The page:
.ptnfiles produced by Brad Keister's free WinWeave drawdown programs. It should also work for files produced by his earlier Weave program (for DOS; WinWeave is for Windows).
ptn2wif program is not a fancy Windows program with a
graphical user interface; instead, it designed to run in a
conventional ``command line'' environment, like an MS-DOS prompt
window under Windows 95 or Windows NT, or like a Linux or Unix shell.
Suppose you have a file called mydraft.ptn. Then at the MS-DOS prompt
or Linux/Unix shell prompt, you could type
ptn2wif mydraft.ptnand the WIF output would come spilling out onto your screen. If instead you would rather it went into a file, for example one called
mydraft.wif, you would instead use the command
ptn2wif mydraft.ptn >mydraft.wif
.ptnfiles contain only an indication of which threads should be in color 1, color 2, etc., up to color 16, but not what actual color each of those 16 color numbers should be. If you use
ptn2wifas shown above, it will first look to see if there is a
winweave.clrfile. That is the file that WinWeave stores your default color settings in, if you choose to save them. If this file exists, then
ptn2wifuses it as the source of the information regarding what color each of the 16 color numbers is. If the file doesn't exist, than
ptn2wifwill assume the default color settings that WinWeave starts up with.
If you want to use a different palette of colors, you can explicitly
ptn2wif to use a
.clr file saved out
from WinWeave. For example, suppose you had saved your color choices
mycolors.clr. Then you could use the command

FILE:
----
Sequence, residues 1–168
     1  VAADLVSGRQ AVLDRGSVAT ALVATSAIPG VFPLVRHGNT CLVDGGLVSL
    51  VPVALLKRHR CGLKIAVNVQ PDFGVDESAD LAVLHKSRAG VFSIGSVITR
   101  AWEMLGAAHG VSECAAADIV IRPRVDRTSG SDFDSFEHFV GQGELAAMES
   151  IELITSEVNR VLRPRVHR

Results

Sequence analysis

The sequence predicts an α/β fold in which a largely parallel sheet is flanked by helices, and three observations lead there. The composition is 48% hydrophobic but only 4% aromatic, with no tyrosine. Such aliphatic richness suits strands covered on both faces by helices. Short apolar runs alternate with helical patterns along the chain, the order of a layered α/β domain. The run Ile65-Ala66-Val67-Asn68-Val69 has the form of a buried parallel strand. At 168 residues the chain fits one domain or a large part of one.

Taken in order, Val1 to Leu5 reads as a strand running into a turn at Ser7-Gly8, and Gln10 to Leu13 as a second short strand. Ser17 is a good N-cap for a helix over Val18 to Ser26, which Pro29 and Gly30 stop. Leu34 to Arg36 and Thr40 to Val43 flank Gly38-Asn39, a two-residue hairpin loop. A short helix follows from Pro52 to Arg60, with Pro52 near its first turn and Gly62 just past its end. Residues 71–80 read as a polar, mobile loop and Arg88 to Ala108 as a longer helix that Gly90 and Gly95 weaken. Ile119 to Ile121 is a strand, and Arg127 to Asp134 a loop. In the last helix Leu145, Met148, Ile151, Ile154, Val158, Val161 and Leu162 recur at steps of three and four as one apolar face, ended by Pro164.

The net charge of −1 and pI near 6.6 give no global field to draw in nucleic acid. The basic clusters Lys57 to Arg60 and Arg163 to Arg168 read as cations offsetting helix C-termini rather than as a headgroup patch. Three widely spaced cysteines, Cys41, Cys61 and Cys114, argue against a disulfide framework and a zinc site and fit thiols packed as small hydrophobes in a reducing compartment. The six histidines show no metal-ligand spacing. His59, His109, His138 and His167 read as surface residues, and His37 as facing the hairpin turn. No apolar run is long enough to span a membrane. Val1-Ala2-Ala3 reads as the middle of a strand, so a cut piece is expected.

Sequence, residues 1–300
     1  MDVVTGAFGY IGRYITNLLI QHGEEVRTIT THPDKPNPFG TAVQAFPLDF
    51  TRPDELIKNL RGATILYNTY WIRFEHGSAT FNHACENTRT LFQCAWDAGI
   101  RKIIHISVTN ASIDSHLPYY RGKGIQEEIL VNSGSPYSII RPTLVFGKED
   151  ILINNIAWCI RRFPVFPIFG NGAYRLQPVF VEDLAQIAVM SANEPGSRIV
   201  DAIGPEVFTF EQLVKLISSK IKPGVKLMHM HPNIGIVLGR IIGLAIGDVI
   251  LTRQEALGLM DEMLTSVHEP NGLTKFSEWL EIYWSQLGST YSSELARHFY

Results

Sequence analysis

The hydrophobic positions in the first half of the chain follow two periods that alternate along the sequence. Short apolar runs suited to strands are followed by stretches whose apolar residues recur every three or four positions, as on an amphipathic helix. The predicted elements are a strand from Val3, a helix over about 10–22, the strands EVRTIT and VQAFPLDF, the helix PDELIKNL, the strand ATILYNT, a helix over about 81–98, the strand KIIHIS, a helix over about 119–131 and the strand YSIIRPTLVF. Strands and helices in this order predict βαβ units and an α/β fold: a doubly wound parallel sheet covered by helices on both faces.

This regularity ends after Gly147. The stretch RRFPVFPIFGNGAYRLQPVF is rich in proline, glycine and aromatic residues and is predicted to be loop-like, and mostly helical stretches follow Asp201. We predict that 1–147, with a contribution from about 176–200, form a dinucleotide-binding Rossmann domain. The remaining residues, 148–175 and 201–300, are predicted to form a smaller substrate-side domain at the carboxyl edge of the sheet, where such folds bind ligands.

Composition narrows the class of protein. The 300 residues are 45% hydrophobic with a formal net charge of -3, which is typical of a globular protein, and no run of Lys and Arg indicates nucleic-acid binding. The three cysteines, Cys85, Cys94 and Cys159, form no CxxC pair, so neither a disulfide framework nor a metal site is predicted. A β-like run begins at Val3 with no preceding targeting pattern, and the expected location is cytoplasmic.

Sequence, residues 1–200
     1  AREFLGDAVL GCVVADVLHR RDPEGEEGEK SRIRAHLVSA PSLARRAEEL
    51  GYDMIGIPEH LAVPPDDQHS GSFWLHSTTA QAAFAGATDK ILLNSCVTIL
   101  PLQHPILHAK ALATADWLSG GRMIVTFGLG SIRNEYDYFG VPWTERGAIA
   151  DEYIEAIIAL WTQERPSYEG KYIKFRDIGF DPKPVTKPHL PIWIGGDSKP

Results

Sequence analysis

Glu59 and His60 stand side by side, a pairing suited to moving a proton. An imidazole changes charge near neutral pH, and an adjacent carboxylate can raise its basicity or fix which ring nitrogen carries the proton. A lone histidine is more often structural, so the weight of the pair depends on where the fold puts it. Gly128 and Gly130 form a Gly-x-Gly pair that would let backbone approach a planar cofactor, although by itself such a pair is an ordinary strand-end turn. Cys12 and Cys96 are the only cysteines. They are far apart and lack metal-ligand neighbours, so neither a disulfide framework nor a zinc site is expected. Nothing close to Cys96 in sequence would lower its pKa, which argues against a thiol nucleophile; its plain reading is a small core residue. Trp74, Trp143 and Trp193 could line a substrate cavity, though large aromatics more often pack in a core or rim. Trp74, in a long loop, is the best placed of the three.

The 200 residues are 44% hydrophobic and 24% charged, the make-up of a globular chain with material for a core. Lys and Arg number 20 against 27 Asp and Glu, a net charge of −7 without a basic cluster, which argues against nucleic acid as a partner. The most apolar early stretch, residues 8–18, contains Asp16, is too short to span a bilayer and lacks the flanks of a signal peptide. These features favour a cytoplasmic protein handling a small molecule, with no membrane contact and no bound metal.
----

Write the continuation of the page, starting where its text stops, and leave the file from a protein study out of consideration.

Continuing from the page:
ptn2wif mydraft.ptn mycolors.clr >mydraft.wif
ptn2wif, you might first want to check whether a new version has appeared. The current version is version 0.1; you can see your copy's version number in its WIF output.
ptn2wif.exe, which will run in an MS-DOS prompt window under Windows 95 or NT. Important note: due to a limitation of how I compiled this program, it works in only one of the three possible ways of running the program:
cdcommand, for example,
cd \winweaveto change to the
\winweavedirectory) and run
ptn2wifas shown above.
ptn2wifwon't work; it will give you a message telling you as much.
ptn2wiffrom Windows, without going into the MS-DOS prompt. For example, you can't just double-click on the icon, or use the Run command from the Start menu. If you try this, you'll see a window flash up on the screen briefly and immediately disappear again.
If you are a programmer and want the source code for the program,
written in C, you are welcome to
ptn2wif.c. That would let you recompile
it to run on other systems; I've only tested it under Linux and
Windows 95/NT, but the code should be portable. You could also make
modifications, or make a Windows or DOS version that is less picky
about how it is run. If you come up with something useful and are in
the mood to share, let me know and I'd be happy to make it available
from this web page. Thanks.
The answers are as follows: